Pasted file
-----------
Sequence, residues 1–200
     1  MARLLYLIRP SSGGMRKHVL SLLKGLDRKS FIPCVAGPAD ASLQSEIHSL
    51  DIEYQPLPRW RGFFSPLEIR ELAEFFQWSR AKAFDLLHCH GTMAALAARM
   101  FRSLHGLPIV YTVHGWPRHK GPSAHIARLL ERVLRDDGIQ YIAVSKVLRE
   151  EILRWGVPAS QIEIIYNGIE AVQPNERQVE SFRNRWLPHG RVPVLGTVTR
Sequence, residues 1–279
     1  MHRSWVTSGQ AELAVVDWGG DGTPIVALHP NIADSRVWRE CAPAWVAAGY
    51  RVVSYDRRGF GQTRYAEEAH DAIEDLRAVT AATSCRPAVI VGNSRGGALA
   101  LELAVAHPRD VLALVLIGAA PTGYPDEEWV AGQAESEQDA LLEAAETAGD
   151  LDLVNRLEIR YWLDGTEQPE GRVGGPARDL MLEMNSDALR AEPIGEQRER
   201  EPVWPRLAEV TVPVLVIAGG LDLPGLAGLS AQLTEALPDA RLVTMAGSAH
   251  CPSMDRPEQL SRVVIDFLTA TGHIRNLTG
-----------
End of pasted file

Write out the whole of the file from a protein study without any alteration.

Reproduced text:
Sequence, residues 1–200
     1  MARLLYLIRP SSGGMRKHVL SLLKGLDRKS FIPCVAGPAD ASLQSEIHSL
    51  DIEYQPLPRW RGFFSPLEIR ELAEFFQWSR AKAFDLLHCH GTMAALAARM
   101  FRSLHGLPIV YTVHGWPRHK GPSAHIARLL ERVLRDDGIQ YIAVSKVLRE
   151  EILRWGVPAS QIEIIYNGIE AVQPNERQVE SFRNRWLPHG RVPVLGTVTR
Sequence, residues 1–279
     1  MHRSWVTSGQ AELAVVDWGG DGTPIVALHP NIADSRVWRE CAPAWVAAGY
    51  RVVSYDRRGF GQTRYAEEAH DAIEDLRAVT AATSCRPAVI VGNSRGGALA
   101  LELAVAHPRD VLALVLIGAA PTGYPDEEWV AGQAESEQDA LLEAAETAGD
   151  LDLVNRLEIR YWLDGTEQPE GRVGGPARDL MLEMNSDALR AEPIGEQRER
   201  EPVWPRLAEV TVPVLVIAGG LDLPGLAGLS AQLTEALPDA RLVTMAGSAH
   251  CPSMDRPEQL SRVVIDFLTA TGHIRNLTG